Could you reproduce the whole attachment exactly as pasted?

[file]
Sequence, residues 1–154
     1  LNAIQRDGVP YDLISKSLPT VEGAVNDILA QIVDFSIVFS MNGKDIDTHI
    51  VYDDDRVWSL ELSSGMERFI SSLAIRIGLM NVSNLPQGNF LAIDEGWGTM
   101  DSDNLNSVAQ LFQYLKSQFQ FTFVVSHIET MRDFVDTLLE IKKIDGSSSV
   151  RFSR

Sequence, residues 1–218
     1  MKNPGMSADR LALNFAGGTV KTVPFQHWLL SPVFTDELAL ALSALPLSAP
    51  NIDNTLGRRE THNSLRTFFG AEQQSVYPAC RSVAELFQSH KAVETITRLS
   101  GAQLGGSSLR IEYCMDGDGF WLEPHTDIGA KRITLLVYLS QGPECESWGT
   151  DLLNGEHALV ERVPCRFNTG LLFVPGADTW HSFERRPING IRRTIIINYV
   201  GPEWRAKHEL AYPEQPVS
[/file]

Sequence, residues 1–154
     1  LNAIQRDGVP YDLISKSLPT VEGAVNDILA QIVDFSIVFS MNGKDIDTHI
    51  VYDDDRVWSL ELSSGMERFI SSLAIRIGLM NVSNLPQGNF LAIDEGWGTM
   101  DSDNLNSVAQ LFQYLKSQFQ FTFVVSHIET MRDFVDTLLE IKKIDGSSSV
   151  RFSR

Sequence, residues 1–218
     1  MKNPGMSADR LALNFAGGTV KTVPFQHWLL SPVFTDELAL ALSALPLSAP
    51  NIDNTLGRRE THNSLRTFFG AEQQSVYPAC RSVAELFQSH KAVETITRLS
   101  GAQLGGSSLR IEYCMDGDGF WLEPHTDIGA KRITLLVYLS QGPECESWGT
   151  DLLNGEHALV ERVPCRFNTG LLFVPGADTW HSFERRPING IRRTIIINYV
   201  GPEWRAKHEL AYPEQPVS